Founded in 1167, Copenhagen, the capital of a modern, affluent, democratic society, is a study in contrasts: old world charm combined with the hustle and bustle of a super-efficient modern economy; pedestrian-only walking streets with outdoor cafes combined with an extensive public transportation system; a sparkling European metropolis of 1.5 million people offering an abundance of culture, yet projecting friendliness, intimacy and safety; a university dating from 1479, yet a modern educational center with several colleges and universities, lots of students, and a vibrant youth culture. Within walking distance of DIS you’ll find the main universities and research libraries of the country, parliament and government offices, European Union agencies, Denmark’s Central Bank, and superb art and history museums.
Hobart and William Smith Colleges have affiliated with the Danish Institute for Study Abroad (DIS) to offer an off-campus program in Copenhagen, capital of the oldest kingdom in the world and one of the most socially progressive countries in Europe. At DIS students can take classes (over 100 courses are offered) taught in English by an outstanding group of faculty and can participate in study tours to other European countries (Russia, Germany, the Czech Republic, and other parts of Northern Europe and Scandinavia). Students on the program may choose to live either with a Danish host family, in an international student residence, a Folk High School or in a flat with a Danish roommate (as arranged by DIS), each offering a different cultural immersion experience. A challenging academic environment, coupled with Copenhagen’s cosmopolitan appeal, creates an opportunity for a unique off-campus experience.
Students who participate in this program can select courses from the arts & humanities, religious studies, social sciences, education and child development, environmental studies, marine biology, international business and economics, media studies, pre-architecture and engineering. For specific information about courses and the program, please pick up a copy of the DIS Catalog from the Center for Global Education or consult the website.
Due to the wide range of courses offered through DIS this program can accommodate students from a variety of disciplines. It will be of particular interest to those studying architecture, biology and environmental science, psychology, social sciences, and those involved in the education program.
This program is open to all juniors and seniors in good academic and social standing with a minimum GPA of 3.0. Due to the challenging nature of study abroad, student academic and disciplinary records will be carefully screened.
Housing options include: 1) a homestay with a local Danish family, carefully chosen for their interest in hosting an international student 2) a furnished residential hall (kollegium) with Danish and other international students 3) a room at a Folk High School, a residential college or 4) a flat to be shared with one or two Danish roommates. Options 2, 3 and 4 are self-catering and students will need to plan to do their own food shopping and to share a kitchen. Those who choose options 2, 3 or 4 should budget an additional $1500-1900 for food.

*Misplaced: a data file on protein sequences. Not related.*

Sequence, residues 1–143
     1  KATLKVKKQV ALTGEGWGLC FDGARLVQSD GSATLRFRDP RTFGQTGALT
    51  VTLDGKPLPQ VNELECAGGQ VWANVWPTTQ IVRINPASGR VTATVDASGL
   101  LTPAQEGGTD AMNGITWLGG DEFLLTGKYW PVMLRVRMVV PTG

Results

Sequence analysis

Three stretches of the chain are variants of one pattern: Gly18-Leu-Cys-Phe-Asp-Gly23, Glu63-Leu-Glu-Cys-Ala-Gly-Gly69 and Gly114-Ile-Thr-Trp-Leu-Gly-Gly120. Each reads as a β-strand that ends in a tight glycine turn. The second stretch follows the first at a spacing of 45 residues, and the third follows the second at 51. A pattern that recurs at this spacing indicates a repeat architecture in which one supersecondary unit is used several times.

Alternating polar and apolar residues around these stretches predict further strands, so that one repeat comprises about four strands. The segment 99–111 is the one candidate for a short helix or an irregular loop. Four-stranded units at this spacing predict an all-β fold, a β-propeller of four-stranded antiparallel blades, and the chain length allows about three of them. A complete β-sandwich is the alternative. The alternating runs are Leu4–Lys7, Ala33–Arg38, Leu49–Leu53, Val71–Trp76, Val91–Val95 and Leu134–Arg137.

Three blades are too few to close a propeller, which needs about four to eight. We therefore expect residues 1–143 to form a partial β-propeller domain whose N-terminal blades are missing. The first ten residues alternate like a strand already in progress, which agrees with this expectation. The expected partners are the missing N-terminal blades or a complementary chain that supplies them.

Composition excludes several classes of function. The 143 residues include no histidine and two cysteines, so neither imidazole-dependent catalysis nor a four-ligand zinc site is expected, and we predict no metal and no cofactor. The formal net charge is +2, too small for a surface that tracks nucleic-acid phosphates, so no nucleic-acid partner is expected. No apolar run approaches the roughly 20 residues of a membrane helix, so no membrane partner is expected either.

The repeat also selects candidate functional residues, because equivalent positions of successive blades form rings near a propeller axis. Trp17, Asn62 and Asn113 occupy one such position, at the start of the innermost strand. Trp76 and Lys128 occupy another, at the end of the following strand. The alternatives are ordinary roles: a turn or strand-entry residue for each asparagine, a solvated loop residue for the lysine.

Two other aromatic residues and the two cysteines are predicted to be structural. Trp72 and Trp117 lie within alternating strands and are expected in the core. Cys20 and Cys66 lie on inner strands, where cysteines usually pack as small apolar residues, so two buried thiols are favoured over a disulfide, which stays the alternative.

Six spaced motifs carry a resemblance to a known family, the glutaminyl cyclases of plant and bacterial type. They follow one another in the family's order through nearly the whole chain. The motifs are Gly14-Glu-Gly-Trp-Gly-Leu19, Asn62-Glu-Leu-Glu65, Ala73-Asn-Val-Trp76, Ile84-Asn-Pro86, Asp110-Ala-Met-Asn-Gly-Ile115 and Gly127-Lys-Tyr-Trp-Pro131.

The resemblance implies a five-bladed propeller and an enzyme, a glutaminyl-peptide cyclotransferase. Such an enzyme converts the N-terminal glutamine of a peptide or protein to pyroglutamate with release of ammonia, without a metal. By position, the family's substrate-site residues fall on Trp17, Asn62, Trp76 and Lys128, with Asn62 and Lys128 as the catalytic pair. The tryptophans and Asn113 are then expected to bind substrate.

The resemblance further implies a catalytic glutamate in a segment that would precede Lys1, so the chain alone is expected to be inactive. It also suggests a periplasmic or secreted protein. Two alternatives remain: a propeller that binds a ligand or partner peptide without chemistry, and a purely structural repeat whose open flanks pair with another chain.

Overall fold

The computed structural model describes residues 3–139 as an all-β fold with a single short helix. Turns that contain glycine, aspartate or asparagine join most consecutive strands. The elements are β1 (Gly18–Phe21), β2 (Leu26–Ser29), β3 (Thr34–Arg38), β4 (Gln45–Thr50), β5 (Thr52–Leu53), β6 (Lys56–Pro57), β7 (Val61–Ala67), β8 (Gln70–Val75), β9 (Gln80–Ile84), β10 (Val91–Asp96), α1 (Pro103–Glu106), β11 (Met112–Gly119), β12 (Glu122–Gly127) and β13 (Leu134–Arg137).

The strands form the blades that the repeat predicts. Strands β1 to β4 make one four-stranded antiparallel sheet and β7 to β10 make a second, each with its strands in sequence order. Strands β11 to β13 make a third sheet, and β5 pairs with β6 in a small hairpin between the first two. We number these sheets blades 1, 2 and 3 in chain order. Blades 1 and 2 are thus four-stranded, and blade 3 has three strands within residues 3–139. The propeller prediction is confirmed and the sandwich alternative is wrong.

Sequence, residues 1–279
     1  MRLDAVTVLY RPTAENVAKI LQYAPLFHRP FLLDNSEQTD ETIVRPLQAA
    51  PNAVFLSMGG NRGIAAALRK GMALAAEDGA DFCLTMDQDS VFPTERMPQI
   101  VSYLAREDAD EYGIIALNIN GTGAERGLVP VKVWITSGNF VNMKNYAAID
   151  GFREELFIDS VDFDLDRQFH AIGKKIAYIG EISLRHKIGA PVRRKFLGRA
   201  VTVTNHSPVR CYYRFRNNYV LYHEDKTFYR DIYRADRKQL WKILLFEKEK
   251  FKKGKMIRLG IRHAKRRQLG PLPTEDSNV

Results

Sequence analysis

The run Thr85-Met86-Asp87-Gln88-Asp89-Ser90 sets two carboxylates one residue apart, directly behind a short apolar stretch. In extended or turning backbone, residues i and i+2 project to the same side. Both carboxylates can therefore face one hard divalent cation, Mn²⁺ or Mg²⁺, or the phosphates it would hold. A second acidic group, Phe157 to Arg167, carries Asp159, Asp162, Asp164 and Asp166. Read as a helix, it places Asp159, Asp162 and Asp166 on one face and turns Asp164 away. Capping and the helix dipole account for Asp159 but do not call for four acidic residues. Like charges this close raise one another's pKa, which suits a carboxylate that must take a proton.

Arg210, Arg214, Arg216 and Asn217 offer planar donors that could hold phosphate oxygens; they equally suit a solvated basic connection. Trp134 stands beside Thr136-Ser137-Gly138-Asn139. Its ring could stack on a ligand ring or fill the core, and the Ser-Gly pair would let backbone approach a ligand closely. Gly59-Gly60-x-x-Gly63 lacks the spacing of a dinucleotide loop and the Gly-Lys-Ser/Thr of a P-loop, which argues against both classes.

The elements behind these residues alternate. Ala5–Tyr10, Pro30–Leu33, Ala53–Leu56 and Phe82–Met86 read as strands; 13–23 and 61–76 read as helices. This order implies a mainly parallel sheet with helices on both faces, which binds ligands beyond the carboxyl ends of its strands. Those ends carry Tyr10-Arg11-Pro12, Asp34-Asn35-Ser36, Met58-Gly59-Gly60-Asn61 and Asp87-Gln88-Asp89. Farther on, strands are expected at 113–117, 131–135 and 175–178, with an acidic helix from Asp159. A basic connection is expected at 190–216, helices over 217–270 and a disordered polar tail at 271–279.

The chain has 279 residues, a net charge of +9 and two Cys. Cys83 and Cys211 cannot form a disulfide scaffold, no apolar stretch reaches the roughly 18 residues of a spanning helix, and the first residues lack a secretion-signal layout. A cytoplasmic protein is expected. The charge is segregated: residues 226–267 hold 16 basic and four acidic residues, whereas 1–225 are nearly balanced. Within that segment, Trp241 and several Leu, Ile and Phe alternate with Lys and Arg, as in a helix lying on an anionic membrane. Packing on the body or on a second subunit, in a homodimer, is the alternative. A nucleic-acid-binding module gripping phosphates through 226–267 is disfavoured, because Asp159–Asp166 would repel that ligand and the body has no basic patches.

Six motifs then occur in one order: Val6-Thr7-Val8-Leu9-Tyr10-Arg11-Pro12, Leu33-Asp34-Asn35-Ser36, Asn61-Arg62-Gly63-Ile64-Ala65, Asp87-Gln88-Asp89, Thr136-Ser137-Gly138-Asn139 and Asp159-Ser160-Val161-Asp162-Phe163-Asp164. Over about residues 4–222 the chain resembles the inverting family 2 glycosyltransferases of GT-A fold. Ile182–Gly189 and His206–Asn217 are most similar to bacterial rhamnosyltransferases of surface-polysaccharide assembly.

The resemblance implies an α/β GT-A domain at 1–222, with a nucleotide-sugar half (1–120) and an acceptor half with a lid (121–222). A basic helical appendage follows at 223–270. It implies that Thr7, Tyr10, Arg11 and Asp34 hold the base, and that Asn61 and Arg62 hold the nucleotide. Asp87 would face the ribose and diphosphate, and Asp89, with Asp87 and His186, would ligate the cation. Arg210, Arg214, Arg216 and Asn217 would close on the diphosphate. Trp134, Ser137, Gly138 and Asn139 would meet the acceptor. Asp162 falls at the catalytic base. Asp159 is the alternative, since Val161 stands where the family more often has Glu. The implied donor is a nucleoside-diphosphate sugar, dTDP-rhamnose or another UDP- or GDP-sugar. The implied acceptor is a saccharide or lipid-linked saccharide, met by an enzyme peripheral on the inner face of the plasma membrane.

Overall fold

DIS offers a variety of excursion opportunities. Many courses include study tours to relevant sites in and around Copenhagen while longer excursions to other parts of Denmark and throughout Northern Europe (Sweden, Russia, Germany, Poland, Finland, Czech Republic, Belgium and the Netherlands) are offered. Please note that some courses or academic programs include excursions that are covered as part of the cost of the program; other excursions are optional and are at the student’s expense.
Students will be charged standard HWS tuition and fees, room and board fees and a $550 administrative fee. (Please note that the kollegium, Folk High School and flat options do not include a meal plan—although these students will receive a $600 food stipend to help cover meals. Students choosing one of these options will need to budget additional funds for food expenses—approximately $1600–1900 for the semester, above and beyond the $600 meal stipend. The homestay option is the most cost-effective choice for participants in that a full meal plan is included.) Fees will cover credit for a four-course semester, housing (and board if the homestay option is chosen), rental of a complete set of textbooks, all designated field study events, and complete use of DIS facilities including library and computer lab. Additional expenses not covered include airfare, visa, optional study tours, other course-related materials and personal expenses (laundry, entertainment, ground transportation and independent travel). We estimate airfare for this program at $1100-$1200 from the East Coast, visa at $500, and course-related materials at $150. It is difficult to give an accurate estimate of personal expenses because student spending habits differ considerably. We would suggest a minimum of $1,500 (for those who do not choose the homestay option, this $1,500 is above and beyond meal expenses). However, students on a tight budget should be able to manage with less. You will also have a two-week break during the semester so you may want to budget an additional amount (above and beyond the $1,500 minimum) for travel. If you are concerned about finances, we strongly encourage you to talk to the CGE staff who can offer information and advice based on your specific situation. NOTE: DIS has supplemental scholarships available to students who have been accepted to the Copenhagen program. Please see Amy Teel at the CGE for information on how to apply for these scholarships.
NOTE: This information is subject to change. Please see the CGE for more information.